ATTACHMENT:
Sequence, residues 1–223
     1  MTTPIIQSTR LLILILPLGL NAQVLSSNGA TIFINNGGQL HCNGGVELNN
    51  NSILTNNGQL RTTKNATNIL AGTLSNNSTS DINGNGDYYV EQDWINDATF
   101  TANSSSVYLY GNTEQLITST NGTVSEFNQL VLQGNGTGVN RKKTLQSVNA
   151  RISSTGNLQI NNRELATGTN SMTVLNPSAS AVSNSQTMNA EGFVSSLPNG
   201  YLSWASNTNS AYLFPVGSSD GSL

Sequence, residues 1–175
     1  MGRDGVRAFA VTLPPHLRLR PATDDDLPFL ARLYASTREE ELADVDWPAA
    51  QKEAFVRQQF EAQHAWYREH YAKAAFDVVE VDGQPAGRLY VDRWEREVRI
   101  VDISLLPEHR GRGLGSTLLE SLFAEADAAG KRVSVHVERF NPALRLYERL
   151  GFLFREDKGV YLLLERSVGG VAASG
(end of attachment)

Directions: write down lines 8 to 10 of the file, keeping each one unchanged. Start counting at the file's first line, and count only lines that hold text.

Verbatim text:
     1  MGRDGVRAFA VTLPPHLRLR PATDDDLPFL ARLYASTREE ELADVDWPAA
    51  QKEAFVRQQF EAQHAWYREH YAKAAFDVVE VDGQPAGRLY VDRWEREVRI
   101  VDISLLPEHR GRGLGSTLLE SLFAEADAAG KRVSVHVERF NPALRLYERL